Emahoy Tsegue Maryam Guebrou: The Ethiopian Nun and Pianist

Emahoy Tsegue Maryam Guebrou: The Ethiopian Nun and Pianist

Born in Addis Ababa, Ethiopia (1923) to a wealthy family (her father was a mayor) Emahoy Emahoy Tsegué-Maryam Guèbrou and her sisters moved to a boarding school in Switzerland at an early age. They were the first girls to be sent abroad for their education. Here Emahoy studied violin and became an accomplished player. 

In the 1930s, she returned home and began her life, going to high-society parties and singing for the emperor, Haile Selassie. She owned a car and raced horses and carts. 

Emahoy became the first woman to work as a civil servant in Ethiopia, the first to sing in an Ethiopian Orthodox church and the first to work as a translator for the Orthodox Patriarch in Jerusalem later in her life (she spoke seven languages). 

However, her life changed when Fascist Italy invaded Ethiopia. Along with her family, some of whom died, she was detained in an Italian prison camp.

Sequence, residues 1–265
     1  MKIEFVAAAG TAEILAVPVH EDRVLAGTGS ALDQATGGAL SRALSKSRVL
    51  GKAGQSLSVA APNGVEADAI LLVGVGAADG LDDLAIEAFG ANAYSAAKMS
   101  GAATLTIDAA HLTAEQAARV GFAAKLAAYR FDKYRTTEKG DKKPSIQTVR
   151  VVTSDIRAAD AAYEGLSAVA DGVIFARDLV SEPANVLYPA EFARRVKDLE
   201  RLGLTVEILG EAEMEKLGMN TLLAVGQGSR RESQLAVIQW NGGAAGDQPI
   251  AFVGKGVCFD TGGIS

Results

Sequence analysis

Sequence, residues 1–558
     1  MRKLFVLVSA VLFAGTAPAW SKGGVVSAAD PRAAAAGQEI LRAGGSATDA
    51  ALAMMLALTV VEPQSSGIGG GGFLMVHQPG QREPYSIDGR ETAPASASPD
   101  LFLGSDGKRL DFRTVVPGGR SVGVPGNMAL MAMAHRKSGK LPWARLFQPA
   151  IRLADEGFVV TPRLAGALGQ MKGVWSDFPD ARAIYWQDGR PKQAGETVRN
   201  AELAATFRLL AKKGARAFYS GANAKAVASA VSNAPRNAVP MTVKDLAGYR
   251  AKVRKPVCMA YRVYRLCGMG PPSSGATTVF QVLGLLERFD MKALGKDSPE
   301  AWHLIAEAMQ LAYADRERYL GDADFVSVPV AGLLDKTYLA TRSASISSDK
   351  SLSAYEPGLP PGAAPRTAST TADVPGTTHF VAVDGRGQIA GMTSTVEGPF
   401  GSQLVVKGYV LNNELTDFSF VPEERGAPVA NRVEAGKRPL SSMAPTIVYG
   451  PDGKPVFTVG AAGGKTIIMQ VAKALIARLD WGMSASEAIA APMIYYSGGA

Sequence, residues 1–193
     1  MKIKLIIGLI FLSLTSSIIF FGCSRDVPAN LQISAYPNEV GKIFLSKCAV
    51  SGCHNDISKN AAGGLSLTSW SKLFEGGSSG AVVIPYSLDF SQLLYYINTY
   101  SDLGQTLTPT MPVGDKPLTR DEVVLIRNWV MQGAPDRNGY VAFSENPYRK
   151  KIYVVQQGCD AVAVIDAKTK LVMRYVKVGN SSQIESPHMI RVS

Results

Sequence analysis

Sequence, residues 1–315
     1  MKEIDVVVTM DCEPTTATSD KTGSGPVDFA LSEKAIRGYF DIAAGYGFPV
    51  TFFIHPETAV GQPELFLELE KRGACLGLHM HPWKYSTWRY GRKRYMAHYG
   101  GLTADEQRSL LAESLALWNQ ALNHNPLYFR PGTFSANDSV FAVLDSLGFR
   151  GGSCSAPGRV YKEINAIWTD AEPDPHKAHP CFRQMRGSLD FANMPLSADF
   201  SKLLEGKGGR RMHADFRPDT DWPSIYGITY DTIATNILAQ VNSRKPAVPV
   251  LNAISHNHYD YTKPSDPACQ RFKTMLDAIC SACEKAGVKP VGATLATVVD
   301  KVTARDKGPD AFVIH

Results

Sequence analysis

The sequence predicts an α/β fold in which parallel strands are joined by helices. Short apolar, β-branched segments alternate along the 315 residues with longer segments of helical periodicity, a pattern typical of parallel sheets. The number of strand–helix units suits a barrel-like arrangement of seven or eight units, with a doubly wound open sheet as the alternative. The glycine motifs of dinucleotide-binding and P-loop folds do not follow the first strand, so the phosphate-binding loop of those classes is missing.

After the war, she moved to Cairo to pursue her music under the wing of Polish violinist Alexander Kontorowicz. Emahoy practised nine hours a day until the Egyptian heat became too much. She eventually returned home to recover in the more temperate climate of the Ethiopian capital.


Emahoy was now an accomplished, classically trained musician. She planned to study music in London, yet for reasons she would not disclose, she didn’t go. 

The disappointment of missing this opportunity to study in London made her give up on music entirely and devote herself to God. At 21, Emahoy became a nun, spending a decade living in a hilltop monastery in Ethiopia with no shoes or music, later what she described as nothing but prayer. 

After a decade, it was only then that Emahoy returned to music. She began playing the piano. Her first record was released in Germany in 1967. 

In 1984, her religious beliefs were attacked under the rule of the new dictator Mengistu Haile Mariam. Emahoy fled to an Ethiopian Orthodox convent in Jerusalem, where she lived the rest of her life. 

Emahoy Tsegué-Maryam died last year, on 26 March 2023 in Jerusalem, at the age of 99. 

What she left behind was a collection of timeless pieces. Just as they have no fixed tempo or scale, her composition sits between traditions and norms. Her music was as impressive as it is now and forever will be.